The next section took us from Tors Cove to La Manche village. When we arrived in La Manche, we thought the camping ground was nearby. But this time 'nearby' meant 3 km uphill. On arrival there, we were told: 'We are sold out'! And the next camping ground was quite near (only about an hour further south - by car, of course).

When the ranger saw how much we were carrying, she was prepared to make a deal with us. We could spend one night on a place that had been reserved. The next morning, we went from La Manche to the Roaring Cave camping ground, and then on to Brigus South. From there, members of a hiking club took us with them and searched with us until we found a vacant B&B ('I can't let these people out in the middle of nowhere….').

The next day started with a pattering sound on the window, so Plan B - another day in the B & B. Unfortunately, it was fully booked for the next night. However, as usual in Newfoundland, a phone call - and that is how we came to Mrs. Haggan. In her place, there is soup, tea, and home-baked food as soon as one has settled in. We feel sure she would rather sleep in the garden herself than turn anyone away. There was always something happening at her large table.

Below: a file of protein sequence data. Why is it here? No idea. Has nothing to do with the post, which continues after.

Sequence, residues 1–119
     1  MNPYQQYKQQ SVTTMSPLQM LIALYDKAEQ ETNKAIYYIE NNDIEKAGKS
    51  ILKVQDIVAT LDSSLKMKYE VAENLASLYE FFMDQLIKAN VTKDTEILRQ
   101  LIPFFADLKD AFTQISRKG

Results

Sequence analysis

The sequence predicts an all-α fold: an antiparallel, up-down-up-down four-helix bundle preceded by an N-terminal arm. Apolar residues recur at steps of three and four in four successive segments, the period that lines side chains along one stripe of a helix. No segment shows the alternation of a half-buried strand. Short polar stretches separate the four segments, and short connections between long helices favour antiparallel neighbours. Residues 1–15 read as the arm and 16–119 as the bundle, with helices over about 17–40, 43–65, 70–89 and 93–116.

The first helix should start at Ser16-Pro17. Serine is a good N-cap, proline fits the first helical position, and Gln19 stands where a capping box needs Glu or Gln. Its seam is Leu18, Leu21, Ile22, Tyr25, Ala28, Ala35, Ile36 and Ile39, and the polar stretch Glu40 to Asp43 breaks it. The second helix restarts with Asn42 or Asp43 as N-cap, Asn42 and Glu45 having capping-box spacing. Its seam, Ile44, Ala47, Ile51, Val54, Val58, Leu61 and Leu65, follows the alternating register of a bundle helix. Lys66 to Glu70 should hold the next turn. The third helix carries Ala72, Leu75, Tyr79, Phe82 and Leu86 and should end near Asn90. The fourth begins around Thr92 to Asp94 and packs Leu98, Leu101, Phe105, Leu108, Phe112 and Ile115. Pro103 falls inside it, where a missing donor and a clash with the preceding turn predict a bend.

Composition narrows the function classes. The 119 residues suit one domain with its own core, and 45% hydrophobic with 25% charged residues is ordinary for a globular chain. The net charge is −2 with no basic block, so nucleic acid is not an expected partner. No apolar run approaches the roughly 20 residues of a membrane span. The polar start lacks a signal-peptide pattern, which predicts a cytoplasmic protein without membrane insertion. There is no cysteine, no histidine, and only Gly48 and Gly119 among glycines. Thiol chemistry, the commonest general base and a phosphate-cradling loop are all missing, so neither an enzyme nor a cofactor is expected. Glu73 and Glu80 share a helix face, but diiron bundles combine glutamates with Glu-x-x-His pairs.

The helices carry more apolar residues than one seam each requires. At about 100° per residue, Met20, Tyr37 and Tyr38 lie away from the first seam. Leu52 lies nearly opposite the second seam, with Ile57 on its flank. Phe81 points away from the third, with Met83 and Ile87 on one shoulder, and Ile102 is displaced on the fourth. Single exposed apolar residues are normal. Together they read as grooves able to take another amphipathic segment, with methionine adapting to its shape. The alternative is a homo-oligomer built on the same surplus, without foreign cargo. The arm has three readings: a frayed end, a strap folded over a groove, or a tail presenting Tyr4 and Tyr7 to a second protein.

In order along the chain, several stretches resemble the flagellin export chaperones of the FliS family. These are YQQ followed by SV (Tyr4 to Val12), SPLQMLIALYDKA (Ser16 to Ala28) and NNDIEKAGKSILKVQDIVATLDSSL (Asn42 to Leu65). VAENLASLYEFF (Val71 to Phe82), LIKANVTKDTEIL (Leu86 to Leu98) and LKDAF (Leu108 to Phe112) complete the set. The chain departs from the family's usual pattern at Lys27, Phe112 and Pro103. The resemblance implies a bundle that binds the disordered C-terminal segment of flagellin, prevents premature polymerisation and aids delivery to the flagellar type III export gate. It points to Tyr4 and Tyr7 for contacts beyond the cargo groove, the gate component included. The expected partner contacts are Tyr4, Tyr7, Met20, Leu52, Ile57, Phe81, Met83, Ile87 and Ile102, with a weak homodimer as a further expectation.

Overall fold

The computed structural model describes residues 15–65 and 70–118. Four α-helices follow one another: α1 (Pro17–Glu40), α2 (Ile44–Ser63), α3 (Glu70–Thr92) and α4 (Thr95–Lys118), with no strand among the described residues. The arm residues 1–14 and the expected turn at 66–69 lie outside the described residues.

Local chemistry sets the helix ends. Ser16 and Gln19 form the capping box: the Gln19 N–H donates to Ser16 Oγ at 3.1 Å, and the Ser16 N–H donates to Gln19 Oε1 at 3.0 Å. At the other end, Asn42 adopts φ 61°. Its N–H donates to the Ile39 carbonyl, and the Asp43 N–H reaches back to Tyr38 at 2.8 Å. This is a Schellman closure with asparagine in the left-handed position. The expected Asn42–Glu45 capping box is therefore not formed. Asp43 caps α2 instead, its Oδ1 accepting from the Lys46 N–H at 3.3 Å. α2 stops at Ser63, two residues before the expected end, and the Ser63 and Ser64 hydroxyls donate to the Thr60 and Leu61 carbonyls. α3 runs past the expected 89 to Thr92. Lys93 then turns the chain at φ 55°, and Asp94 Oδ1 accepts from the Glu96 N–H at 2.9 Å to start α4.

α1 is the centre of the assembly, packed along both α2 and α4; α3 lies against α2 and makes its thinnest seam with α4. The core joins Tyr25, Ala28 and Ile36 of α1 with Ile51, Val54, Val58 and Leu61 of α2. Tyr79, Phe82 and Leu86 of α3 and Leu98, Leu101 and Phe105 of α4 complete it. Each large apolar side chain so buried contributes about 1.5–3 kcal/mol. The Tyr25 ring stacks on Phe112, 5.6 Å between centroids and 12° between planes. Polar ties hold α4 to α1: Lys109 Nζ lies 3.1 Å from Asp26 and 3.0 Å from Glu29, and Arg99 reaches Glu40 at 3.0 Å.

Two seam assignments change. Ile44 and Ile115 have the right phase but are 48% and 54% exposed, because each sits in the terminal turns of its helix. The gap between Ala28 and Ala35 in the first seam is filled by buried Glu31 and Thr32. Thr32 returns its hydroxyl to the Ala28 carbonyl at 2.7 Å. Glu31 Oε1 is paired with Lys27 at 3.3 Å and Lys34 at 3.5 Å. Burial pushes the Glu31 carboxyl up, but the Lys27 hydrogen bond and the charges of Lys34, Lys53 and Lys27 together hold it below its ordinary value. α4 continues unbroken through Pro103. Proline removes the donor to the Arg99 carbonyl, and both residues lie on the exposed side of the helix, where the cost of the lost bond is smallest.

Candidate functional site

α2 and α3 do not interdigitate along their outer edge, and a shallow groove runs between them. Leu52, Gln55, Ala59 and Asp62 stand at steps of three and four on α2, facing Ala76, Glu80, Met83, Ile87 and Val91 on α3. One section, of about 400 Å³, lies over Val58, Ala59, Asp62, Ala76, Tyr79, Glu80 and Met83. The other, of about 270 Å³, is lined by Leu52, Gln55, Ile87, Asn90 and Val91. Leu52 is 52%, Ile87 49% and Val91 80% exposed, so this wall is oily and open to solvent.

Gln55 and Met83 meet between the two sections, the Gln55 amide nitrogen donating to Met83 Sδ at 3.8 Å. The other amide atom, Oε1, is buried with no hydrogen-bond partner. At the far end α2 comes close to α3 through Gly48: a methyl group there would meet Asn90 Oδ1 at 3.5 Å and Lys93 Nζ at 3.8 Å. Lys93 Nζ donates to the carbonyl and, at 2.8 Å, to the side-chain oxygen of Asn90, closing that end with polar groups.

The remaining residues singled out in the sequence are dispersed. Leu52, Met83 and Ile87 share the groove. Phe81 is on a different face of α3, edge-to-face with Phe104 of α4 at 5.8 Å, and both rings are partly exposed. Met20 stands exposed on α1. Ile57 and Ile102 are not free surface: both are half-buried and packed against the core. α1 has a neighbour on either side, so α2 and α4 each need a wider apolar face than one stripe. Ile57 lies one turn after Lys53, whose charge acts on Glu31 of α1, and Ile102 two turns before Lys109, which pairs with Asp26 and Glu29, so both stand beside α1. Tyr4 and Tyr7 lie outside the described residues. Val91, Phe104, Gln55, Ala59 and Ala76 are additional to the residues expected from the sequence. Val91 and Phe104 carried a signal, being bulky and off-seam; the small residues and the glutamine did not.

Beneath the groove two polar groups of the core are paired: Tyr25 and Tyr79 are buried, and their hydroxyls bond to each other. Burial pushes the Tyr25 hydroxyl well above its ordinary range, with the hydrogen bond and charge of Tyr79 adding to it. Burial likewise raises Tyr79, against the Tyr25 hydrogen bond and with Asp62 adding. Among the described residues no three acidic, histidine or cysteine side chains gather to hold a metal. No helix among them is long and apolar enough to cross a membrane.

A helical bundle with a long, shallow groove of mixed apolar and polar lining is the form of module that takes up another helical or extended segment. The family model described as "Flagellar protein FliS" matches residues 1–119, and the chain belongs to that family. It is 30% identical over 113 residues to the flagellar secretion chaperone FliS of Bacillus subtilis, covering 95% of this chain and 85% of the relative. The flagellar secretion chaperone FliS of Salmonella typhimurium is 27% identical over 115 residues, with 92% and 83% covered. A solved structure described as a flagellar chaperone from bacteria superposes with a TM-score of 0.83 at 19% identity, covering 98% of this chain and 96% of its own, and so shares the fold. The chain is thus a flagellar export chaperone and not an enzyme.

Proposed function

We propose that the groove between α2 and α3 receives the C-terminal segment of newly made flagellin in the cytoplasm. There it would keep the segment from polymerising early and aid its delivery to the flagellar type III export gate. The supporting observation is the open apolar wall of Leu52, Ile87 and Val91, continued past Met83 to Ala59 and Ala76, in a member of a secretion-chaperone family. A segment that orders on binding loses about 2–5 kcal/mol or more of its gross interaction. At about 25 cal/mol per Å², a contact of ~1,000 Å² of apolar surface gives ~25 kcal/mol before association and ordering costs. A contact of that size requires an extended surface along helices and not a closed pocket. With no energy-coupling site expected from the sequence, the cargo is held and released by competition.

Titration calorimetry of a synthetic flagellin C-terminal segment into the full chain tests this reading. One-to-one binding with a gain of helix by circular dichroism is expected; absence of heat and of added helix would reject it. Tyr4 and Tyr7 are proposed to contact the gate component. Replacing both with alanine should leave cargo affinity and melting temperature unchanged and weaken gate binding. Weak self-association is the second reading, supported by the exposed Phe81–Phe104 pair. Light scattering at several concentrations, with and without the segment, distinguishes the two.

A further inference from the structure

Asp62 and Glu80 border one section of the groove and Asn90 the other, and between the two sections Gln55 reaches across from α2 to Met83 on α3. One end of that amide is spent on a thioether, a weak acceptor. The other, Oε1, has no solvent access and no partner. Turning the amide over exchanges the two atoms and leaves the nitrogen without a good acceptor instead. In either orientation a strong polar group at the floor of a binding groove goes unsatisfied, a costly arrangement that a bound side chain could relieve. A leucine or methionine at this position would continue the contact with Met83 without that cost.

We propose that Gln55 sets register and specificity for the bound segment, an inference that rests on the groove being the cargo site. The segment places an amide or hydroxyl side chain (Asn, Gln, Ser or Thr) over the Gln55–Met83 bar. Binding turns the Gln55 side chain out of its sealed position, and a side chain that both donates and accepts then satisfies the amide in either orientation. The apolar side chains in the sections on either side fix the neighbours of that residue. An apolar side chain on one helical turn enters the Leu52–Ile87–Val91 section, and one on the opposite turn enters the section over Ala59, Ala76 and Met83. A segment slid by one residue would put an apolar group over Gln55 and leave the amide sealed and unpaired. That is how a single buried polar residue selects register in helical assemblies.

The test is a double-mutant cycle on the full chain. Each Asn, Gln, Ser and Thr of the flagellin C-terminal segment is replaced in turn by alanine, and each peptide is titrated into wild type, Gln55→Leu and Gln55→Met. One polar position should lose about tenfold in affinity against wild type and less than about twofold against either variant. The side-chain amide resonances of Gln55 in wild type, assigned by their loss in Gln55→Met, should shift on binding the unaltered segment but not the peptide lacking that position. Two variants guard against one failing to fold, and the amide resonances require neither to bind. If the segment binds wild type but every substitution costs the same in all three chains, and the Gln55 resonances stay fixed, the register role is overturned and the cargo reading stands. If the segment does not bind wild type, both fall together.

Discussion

We carried on further, via Kingman's Cove to Renews. Once again, it was rather hot and we were glad when we finally left the trail. At the end of the trail, there is a really great B & B - but, unfortunately, it was full. When Reinhold decided to enquire in spite of this (the owner was working in his garden), the owner first invited us in for a cold beer. Then, while we gradually relaxed, he organised our next overnight accommodation. Our gear was put in the pick-up truck, and he drove us to Cappahayden - the last part of the trail was walked from north to south.

When we started off, it was so foggy that we could use the fog-horn as a guide. In spite of this, the sun came out when we were halfway and it got hot. On arrival in Renews, we were in urgent need of a coke and a sandwich. As we were sitting down outside the supermarket, two Newfoundlanders stopped and invited us home with them, saying 'this is not the place for a lunch break'. The butcher - who specialised in elk and caribou - took us back to Cappahayden.